I only volunteered to become a First Aider during my previous employment because nobody else would! The excuses ranged from fear of blood to not having enough time to do the training. Now I am not someone who is good with blood (especially if it’s my own being spilt!) and I can’t even watch operations on television but I am quite a calm and organised person so I thought I’d give it a try, never really believing I would need to call upon my First Aid knowledge. But I have – at least three times so far.
The first time I needed to use my knowledge was on my own baby daughter. It was around her first birthday, I was with my family at my parents’ house one evening watching television. My daughter was playing on the floor at my feet when she started coughing and wheezing and was obviously starting to choke. Everything happening in slow motion, I saw the look on everyone’s faces as I immediately picked her up, laid her across my arm and gave her three sharp taps between her shoulder blades. A ball of paper immediately flew out of her mouth and she returned to a healthy pink colour immediately.
The second time happened just two days after I had completed my 3 year First Aid at Work refresher course. A delivery van crashed right into the back of a small car right beside me as I was walking through town. I immediately assessed the situation, stopping the oncoming traffic while I checked on the two drivers. The van driver was unharmed; the lady in the car had hurt her next and back. I chatted to her in a calm and friendly way while I called for the ambulance service and made sure she did not move (in case she had injured her spine). I sat holding her hand until the ambulance arrived – she said she was so grateful that I was looking after her.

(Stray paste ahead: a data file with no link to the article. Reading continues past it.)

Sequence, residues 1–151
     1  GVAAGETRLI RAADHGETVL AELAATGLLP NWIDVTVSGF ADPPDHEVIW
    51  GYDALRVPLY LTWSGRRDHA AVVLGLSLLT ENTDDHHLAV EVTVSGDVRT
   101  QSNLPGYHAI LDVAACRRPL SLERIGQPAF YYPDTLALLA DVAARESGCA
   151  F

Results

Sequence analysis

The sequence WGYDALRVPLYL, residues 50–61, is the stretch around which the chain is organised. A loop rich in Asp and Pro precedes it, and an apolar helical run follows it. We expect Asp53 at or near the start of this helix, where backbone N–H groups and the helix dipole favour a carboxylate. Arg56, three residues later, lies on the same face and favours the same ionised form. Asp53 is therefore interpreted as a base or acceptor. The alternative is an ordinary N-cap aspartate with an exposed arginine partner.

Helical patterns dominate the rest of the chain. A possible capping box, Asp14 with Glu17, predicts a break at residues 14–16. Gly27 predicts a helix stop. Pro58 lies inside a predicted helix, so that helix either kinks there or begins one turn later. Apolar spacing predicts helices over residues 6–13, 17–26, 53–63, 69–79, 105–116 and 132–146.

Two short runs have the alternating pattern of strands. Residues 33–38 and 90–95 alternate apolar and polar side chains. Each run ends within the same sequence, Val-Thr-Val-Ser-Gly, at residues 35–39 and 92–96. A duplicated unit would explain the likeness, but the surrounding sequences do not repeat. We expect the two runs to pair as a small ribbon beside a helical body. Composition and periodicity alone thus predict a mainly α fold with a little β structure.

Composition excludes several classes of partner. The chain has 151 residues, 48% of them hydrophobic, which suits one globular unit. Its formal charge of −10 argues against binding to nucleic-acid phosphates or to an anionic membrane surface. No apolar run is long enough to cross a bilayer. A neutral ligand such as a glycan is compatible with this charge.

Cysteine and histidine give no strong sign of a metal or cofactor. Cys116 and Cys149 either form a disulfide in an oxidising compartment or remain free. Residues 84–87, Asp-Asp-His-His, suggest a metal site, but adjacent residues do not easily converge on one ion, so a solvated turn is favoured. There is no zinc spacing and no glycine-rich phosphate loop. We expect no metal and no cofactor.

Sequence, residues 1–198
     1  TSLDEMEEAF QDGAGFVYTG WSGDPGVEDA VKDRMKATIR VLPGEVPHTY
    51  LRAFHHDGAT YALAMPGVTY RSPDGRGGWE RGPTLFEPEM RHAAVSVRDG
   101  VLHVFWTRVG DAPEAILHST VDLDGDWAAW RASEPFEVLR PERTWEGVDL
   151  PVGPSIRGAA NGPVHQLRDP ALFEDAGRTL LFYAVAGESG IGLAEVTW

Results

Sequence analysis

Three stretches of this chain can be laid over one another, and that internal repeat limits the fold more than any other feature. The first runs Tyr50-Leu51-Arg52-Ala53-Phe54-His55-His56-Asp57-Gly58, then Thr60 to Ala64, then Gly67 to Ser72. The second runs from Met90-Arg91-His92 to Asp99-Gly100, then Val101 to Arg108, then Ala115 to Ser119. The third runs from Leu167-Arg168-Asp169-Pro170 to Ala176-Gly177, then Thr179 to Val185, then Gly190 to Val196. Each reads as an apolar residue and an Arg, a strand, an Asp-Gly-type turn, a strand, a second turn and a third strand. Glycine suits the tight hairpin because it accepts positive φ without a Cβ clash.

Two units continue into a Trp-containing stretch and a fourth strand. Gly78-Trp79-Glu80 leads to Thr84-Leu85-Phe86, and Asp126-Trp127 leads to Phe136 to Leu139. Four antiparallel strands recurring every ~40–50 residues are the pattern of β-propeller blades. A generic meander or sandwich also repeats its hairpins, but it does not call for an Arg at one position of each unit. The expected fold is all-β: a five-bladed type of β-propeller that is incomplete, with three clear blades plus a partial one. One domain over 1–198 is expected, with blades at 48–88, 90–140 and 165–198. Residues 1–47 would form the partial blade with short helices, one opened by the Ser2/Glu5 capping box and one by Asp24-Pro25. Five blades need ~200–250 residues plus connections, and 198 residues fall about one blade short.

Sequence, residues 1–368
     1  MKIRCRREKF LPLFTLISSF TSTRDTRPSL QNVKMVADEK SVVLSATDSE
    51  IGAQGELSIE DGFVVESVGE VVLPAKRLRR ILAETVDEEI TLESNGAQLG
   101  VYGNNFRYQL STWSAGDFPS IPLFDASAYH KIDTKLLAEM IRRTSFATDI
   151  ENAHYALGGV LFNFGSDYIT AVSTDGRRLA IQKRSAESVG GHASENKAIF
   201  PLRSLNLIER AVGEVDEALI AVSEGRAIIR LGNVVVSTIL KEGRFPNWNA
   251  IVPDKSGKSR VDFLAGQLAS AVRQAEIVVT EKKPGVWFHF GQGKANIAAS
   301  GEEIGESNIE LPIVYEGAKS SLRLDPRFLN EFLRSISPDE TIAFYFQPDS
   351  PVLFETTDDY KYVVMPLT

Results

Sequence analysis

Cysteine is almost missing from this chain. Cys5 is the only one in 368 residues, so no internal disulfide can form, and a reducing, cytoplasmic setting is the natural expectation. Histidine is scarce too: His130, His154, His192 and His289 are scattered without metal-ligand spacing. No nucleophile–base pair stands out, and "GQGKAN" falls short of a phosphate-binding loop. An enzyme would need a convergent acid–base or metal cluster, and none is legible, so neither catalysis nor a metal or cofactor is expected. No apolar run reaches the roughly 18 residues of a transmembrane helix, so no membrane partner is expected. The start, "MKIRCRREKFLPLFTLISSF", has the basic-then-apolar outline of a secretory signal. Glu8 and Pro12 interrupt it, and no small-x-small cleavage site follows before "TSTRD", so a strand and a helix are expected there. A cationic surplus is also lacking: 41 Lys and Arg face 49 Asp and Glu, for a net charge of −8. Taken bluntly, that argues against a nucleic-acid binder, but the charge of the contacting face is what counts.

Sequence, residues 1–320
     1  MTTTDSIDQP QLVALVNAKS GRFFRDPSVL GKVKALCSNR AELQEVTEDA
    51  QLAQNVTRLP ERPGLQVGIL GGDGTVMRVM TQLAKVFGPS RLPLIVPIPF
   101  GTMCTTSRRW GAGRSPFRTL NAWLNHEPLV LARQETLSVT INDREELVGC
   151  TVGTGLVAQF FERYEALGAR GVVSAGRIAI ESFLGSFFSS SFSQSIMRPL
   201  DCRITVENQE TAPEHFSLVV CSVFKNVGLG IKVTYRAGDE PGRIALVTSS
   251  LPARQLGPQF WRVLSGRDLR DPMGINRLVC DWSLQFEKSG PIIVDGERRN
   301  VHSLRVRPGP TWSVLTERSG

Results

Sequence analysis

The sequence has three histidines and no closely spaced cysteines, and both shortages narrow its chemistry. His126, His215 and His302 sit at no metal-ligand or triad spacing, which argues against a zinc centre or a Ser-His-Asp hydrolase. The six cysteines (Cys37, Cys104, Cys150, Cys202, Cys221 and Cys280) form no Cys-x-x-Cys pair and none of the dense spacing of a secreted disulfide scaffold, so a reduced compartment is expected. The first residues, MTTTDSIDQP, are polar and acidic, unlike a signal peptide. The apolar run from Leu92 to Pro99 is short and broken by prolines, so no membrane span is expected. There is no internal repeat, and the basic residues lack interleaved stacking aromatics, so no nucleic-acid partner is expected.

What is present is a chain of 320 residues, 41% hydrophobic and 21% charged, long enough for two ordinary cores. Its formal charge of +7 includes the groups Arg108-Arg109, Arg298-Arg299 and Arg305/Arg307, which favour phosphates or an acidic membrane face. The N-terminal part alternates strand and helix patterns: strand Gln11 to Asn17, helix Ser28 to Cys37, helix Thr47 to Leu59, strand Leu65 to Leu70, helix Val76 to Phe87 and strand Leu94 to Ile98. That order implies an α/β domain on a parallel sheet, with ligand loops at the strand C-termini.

The third occasion was the most upsetting because it involved another child. I heard a bang and a scream while shopping one weekend. A car had hit a wall and a toddler was underneath. Some men moved the wall and handed the little girl to her mum. I introduced myself as a first aider, the mum calmed down a little and I started taking control, calling 999 and holding a pressure bandage against the little girls thigh wound until the ambulance arrived. Being a mum myself, I couldn’t help but consider how I would feel in the same situation; I would certainly hope that someone would come to my aid.
I have realised you can’t leave it up to others to know what to do; you need to step in and help. Taking a basic first aid course is a great opportunity to learn valuable skills and maybe find out something about yourself you didn’t know. There are two main organisations in England you can contact for more information, British Red Cross and St John Ambulance.
Byline: Katie Simmons writes articles on health and safety, she is currently pursuing her training as a volunteer for the air ambulance service.